When asked if SHR was taking a gamble by re-signing the driver without sponsorship, Newman acknowledged "there's a certain amount of risk that they have." The U.S. Army is leaving NASCAR at the end of the season, and it's unclear what Newman's other sponsors – such as Outback and Quicken Loans – will decide to do.
"I feel fairly confident we'll have good branding on the car," he said. "I can't sit here and say who it's going to be and how it's going to lay out and what race it's going to be."
Newman said his focus "never left SHR" during the free agency process, though the driver did consider his options with other teams. Out of respect for his current team, though, he said he never seriously chased another offer.
"I never pursued it, never put anything on paper," he said. "It's like fishing in a pond – every once in awhile, you cast in different directions to try to get a bite.
"There's rides out there. There's opportunities out there. It wasn't my goal to go out there and knock every door down and get a written proposal from every team."
Newman, who can make the Chase by winning Richmond and hoping teammate Tony Stewart stays in the top 10, said he's simply going for a victory on Saturday night.
"We still have the potential to have that dream come true, but you can have it all abolished in one lap or one corner," he said. "There's a lot of emotion that gets carried with that. It's the do-or-die moment on Saturday night."
When Kurt Busch parted ways with Penske Racing and its No. 22 car last season, team president Tim Cindric placed a call to Joe Gibbs Racing at the urging of Brad Keselowski.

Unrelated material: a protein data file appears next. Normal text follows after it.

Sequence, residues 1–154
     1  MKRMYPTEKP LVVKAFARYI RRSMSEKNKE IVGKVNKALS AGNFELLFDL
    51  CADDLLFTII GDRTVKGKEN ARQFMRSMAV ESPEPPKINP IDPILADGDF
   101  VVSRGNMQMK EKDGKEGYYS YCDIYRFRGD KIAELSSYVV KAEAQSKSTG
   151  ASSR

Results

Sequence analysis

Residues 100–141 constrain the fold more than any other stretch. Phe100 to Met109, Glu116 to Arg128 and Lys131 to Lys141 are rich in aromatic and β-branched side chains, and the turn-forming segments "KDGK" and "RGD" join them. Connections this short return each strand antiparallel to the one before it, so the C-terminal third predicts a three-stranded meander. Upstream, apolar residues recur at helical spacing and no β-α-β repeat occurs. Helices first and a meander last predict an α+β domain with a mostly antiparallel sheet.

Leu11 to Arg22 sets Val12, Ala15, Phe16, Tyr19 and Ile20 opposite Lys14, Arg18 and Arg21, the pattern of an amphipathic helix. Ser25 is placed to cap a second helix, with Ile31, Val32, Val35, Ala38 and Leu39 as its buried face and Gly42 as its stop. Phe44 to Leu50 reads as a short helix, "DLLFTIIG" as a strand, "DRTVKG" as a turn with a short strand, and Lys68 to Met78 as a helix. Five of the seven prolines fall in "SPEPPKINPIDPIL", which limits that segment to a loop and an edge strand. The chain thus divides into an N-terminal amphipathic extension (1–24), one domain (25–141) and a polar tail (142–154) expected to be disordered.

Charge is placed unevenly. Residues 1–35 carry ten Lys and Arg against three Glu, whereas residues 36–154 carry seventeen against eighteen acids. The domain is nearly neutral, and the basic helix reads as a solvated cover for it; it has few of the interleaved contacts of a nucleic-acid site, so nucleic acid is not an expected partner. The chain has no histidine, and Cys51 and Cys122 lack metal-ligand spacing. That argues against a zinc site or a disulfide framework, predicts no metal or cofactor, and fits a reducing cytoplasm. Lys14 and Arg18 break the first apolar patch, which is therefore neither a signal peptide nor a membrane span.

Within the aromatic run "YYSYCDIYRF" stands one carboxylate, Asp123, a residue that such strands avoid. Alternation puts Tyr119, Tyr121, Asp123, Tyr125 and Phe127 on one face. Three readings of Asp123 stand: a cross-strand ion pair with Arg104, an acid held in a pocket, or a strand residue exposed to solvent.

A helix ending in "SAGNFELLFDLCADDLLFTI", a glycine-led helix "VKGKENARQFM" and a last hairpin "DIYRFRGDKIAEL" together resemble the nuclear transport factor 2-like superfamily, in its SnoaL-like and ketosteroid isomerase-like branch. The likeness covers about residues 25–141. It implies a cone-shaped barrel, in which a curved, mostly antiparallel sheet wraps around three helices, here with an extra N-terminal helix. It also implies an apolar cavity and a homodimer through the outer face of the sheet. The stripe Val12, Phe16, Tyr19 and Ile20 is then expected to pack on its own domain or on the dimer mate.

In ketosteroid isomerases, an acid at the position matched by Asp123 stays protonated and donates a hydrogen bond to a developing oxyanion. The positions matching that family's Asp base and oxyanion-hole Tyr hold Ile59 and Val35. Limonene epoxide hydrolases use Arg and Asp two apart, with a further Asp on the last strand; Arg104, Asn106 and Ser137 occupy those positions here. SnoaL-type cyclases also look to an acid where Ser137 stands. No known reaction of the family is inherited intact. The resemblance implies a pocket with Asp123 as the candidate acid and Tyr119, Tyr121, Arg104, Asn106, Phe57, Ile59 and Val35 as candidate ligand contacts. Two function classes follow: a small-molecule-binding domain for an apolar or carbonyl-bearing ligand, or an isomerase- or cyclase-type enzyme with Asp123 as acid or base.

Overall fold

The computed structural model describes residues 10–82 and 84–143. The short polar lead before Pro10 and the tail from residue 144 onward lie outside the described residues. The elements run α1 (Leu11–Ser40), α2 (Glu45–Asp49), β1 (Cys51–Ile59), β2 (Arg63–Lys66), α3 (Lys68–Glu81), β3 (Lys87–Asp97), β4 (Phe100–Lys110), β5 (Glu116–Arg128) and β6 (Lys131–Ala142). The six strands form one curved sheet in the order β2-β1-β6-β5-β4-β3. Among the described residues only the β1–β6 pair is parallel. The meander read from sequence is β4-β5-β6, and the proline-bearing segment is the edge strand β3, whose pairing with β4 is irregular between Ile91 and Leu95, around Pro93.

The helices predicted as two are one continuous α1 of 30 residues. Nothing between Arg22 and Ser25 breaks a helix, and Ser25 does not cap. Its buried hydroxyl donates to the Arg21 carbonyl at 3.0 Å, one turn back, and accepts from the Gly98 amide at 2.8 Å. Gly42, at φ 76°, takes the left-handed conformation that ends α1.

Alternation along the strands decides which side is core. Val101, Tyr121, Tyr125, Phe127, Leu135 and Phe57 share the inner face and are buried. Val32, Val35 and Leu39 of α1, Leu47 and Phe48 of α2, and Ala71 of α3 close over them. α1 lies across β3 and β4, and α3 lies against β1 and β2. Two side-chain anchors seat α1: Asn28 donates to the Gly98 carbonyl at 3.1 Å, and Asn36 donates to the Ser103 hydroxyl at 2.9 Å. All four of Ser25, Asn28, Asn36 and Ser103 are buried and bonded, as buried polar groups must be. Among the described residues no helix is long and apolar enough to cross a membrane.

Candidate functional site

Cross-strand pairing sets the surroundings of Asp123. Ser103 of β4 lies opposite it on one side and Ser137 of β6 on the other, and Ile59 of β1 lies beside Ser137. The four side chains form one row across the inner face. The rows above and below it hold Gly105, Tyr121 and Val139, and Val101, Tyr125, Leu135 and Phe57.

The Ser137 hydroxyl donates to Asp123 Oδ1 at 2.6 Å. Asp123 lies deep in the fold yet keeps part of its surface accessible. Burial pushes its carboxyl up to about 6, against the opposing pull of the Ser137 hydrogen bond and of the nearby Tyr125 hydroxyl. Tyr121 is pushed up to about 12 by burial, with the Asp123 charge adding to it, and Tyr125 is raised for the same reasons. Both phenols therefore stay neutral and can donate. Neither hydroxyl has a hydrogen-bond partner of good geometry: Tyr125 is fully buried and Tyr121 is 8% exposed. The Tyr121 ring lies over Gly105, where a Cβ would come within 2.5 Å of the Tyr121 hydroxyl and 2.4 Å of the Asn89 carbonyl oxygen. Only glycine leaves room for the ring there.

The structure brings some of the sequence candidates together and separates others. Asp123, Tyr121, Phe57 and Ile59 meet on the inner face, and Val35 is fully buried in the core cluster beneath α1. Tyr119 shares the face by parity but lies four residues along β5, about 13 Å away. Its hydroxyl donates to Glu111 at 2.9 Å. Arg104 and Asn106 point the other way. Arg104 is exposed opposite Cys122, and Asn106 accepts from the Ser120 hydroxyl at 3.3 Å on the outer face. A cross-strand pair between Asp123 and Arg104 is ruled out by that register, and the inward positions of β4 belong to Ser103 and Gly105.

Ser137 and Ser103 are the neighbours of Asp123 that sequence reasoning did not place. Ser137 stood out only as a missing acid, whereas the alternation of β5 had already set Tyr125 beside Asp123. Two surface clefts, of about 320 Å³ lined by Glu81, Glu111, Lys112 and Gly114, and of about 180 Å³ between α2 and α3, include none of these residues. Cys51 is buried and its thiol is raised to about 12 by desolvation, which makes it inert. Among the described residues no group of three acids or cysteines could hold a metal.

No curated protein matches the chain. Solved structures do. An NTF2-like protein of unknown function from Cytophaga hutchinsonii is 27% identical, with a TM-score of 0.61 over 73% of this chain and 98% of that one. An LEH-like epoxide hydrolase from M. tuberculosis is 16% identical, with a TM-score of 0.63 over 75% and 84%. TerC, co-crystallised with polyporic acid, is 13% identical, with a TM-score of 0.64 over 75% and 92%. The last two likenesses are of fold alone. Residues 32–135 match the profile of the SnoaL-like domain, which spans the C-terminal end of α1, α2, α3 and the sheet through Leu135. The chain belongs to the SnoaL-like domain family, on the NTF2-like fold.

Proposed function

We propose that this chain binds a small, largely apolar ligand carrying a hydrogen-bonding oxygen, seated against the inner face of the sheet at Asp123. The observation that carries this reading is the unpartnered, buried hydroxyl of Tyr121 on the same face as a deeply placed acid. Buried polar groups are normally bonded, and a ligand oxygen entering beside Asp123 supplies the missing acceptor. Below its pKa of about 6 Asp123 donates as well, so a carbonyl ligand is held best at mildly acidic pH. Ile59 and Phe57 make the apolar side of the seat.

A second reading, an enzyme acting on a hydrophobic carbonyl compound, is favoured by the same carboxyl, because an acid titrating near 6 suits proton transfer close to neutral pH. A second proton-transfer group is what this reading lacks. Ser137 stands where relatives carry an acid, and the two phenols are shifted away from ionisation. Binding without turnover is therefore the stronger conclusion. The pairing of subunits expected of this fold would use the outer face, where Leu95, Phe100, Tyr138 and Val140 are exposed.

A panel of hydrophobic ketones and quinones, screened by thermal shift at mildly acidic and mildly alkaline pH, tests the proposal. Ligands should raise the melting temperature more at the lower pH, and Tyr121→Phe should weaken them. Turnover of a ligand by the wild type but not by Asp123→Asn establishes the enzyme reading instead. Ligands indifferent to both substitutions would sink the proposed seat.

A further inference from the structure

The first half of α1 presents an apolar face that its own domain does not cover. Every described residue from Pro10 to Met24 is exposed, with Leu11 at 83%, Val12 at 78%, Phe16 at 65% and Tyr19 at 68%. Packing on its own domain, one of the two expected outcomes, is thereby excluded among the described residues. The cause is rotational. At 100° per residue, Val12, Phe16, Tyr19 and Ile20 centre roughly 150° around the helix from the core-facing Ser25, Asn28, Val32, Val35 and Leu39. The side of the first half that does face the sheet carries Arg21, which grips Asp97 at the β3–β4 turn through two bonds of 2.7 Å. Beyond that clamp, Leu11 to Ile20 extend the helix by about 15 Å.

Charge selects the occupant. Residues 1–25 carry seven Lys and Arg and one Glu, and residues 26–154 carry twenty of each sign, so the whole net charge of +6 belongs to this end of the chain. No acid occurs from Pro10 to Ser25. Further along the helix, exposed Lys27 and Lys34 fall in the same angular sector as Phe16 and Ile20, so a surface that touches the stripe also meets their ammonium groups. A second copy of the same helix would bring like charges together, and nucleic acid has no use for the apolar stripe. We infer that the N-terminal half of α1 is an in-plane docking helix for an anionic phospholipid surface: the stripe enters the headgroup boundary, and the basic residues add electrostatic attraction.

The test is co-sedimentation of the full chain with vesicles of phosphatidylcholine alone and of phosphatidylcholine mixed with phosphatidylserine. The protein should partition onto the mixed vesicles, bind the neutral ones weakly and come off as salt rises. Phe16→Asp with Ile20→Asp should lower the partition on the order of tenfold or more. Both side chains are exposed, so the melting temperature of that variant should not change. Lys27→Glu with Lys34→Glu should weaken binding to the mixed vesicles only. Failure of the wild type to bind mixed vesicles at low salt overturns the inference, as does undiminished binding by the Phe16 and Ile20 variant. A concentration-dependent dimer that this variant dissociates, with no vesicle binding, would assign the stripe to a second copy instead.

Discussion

Keselowski, it seems, has a big influence on the day-to-day decision-making at Penske and thought Joey Logano would be a good fit as his teammate.
But when Cindric called JGR, he was told Logano wasn't available. Although Logano's contract was set to expire at the end of 2012, JGR wanted to do everything it could to keep him in the fold and didn't plan to release him early.
Seven months later, when AJ Allmendinger tested positive for a banned substance and was fired from Penske, the No. 22 ride was suddenly open again.
This time, with interest from both Penske and Logano – whose ride at JGR had been taken by Matt Kenseth – a deal was struck to pair the driver with Keselowski and form a duo of young, talented drivers who are also friends off the track.
"Brad and I kind of started our Cup careers around same time," Logano said. "We've been able to grow and go through a lot of similar things. ... We already had a relationship where we could talk and call each other, see each other at the racetrack and talk about whatever.
"Those relationship with driver teammates are more important than most people think."
That background was part of several interesting nuggets revealed during a Wednesday morning conference call in which Cindric and Logano discussed the driver's new multi-year contract with Penske.
Among the other notes:
• Sam Hornish Jr., who is currently driving the No. 22 car, will remain in the ride for the rest of the season before Logano takes over in 2013. Hornish will likely drive a full-time Nationwide Series schedule again next year, along with a few Sprint Cup Series races. Cindric said his preference was to have Hornish in a third Cup car on a full-time basis, but it was "pretty late in the year" for sponsorship to come together.